January 9, 2013 § 9 Comments
Following my last post regarding name negativity, I’ve decided to take things a step further by going out of my way to highlight the positives in the names singled out in the aforementioned Deadspin article as evidence that American baby names are “getting even worse.”
The Not-So-Bad series of posts will no doubt feature names you’ve probably balked at before, but let’s keep one thing in mind, here. These aren’t hypothetical names, names from books, or lists of interesting choices – these are names that people out there actually wear. Real people. With feelings.
The first one I’ll cover is a name that’s actually been gaining massively in popularity, and isn’t just a unique selection by one adventurous parent. Ryker is, as far as I’m concerned, a true name of the future with a long Low Country heritage. It’s already nearly inside the US Top 300, after beginning it’s climb from 1000 in just 2003. The name Ryan is commonplace and has been for decades. Tucker, Parker, etc. had their biggest moments in the late-90s and early 2000s, and from those trends modern usage of Ryker was born.
January 1, 2013 § 10 Comments
I may have failed myself with blogging this year (so many real life changes!) but it’s one of my resolutions for 2013 to be better. Much better. I owe it to myself, because I truly enjoy maintaining this blog. Of little credit to me, my blog’s popularity grew this year with many thanks to the lovely ladies at Nameberry for hosting my political names guest post in the spring, with great appreciation to Abby at Appellation Mountain for highlighting my post on Malala this fall, which proved to be my biggest post of the year, and with ongoing affection for Anna at Waltzing More Than Matilda, whose site continues to be my most consistent referral source, links wise, and she is far and away my top commenter. And of course, I’m grateful to each and every one of you who reads, comments, and shares the posts you love. You guys inspire me, full on, and your support is not taken for granted.
To close out 2011, I compiled my favourite names from overall trends of the year, and though I haven’t blogged as much as I should have, I’ve paid attention in 2012. A few of these names earned posts of their own this year, but many didn’t, so bear with me. And you know the drill – please don’t leave without sharing your own favourites from the past twelve months.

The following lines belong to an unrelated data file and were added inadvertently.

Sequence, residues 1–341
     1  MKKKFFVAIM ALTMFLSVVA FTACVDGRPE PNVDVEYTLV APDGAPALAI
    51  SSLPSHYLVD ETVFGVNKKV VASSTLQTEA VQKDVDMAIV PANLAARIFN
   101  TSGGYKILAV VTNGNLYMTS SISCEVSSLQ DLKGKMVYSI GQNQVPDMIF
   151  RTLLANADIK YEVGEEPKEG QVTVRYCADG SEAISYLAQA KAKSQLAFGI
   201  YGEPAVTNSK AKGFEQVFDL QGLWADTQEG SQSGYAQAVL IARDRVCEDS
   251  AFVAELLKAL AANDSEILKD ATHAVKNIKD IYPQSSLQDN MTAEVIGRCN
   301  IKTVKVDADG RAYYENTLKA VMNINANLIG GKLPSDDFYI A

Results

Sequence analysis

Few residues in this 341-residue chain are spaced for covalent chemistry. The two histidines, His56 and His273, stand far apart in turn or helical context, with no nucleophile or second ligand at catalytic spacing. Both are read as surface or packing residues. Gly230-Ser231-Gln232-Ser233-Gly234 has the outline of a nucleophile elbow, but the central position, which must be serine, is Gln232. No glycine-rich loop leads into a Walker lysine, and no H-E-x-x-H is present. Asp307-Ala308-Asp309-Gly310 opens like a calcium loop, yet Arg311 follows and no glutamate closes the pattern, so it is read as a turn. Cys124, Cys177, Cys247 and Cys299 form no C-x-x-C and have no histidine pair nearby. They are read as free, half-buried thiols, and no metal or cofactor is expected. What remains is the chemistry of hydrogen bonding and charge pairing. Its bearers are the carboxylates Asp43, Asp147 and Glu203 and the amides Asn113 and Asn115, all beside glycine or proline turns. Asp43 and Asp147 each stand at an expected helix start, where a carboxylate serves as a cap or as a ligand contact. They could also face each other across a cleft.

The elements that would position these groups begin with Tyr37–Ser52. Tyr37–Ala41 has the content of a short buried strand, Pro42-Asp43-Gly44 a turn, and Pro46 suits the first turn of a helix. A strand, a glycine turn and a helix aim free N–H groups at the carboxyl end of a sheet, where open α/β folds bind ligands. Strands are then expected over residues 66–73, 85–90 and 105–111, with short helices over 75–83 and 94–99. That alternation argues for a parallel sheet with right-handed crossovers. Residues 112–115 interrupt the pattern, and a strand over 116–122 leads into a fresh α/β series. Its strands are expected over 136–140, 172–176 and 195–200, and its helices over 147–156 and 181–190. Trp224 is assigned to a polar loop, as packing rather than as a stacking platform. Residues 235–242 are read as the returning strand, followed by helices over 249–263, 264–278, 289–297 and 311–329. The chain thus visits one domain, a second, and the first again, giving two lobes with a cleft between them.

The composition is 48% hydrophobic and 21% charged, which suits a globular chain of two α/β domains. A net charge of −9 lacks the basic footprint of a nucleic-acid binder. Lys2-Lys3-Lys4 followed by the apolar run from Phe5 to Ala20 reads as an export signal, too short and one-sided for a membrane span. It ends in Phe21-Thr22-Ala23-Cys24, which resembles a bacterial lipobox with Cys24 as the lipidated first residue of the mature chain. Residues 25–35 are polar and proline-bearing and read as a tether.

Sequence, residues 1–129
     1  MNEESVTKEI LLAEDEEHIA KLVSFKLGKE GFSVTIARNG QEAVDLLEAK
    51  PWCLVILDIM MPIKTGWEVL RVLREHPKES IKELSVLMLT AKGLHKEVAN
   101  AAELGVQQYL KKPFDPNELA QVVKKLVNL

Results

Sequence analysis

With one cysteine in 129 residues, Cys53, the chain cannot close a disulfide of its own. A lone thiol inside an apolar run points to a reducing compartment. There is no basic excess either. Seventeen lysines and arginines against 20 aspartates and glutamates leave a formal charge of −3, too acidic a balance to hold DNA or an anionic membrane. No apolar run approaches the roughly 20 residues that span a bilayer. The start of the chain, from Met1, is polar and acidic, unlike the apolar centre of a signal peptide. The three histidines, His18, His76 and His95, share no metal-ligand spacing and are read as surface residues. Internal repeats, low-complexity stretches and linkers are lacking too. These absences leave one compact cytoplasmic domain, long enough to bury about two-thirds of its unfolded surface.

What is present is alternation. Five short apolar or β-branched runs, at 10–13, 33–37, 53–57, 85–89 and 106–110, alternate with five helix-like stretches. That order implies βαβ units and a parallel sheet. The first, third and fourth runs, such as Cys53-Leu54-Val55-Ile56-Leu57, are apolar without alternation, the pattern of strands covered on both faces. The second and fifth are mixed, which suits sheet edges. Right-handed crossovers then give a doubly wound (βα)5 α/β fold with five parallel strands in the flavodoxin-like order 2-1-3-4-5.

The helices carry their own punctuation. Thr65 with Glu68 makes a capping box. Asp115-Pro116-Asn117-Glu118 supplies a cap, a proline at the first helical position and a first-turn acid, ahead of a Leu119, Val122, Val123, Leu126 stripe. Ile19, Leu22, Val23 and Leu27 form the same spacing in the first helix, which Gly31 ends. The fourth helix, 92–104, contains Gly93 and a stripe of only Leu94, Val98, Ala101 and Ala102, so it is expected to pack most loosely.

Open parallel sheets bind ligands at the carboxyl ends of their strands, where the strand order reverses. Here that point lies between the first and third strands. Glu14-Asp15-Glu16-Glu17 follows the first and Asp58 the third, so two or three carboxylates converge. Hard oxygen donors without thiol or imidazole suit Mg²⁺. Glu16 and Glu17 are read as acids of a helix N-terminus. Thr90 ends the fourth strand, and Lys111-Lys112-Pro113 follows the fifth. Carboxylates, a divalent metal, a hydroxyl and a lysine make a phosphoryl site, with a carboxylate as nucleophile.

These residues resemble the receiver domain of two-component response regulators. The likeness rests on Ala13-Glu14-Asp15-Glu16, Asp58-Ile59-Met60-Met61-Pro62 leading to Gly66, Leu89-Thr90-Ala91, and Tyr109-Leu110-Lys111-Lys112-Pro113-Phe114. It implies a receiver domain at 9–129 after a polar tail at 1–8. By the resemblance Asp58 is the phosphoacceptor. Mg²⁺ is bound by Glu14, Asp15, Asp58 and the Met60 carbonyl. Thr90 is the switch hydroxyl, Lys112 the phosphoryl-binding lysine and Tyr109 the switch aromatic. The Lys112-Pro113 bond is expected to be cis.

Happy New Year to you and yours, and let’s all look forward to a big year of names in 2013. What traditional names will be bestowed upon the royal baby? Will baby Kimye get a K name? Will Biblical boy names make a comeback or fall even further out of favour? So many questions, so bring it on!
This year’s list of names looks nothing like last year’s (well it might, if you’ve read enough of this blog to catch on to the name biases I try not to have):
– Koa. I love to travel, but this year I only made it to one place – Hawaii. So it seems fitting that the first name on my 2012 year end list is a Hawaiian name-on-fire. Simple enough to feel familiar, yet exotic enough to stand out, nature name Koa, which sounds like Biblically “unfashionable” Noah, kept trending for boys in 2012. Australian marathon swimmer Ky Hurst welcomed a son named Koa in November.
– Aoife. This Irish name, pronounced EE-fah, was bestowed upon the daughter of Irish-born pop singer Una Healy of The Saturdays, and her English rugby star boyfriend Ben Foden in March. It means “beautiful,” and was suggested to the couple by Healy’s father. (Adorable Aoife’s middle name is the Latin name, Belle, which means her parents gave her a name that means “beautiful beauty.”)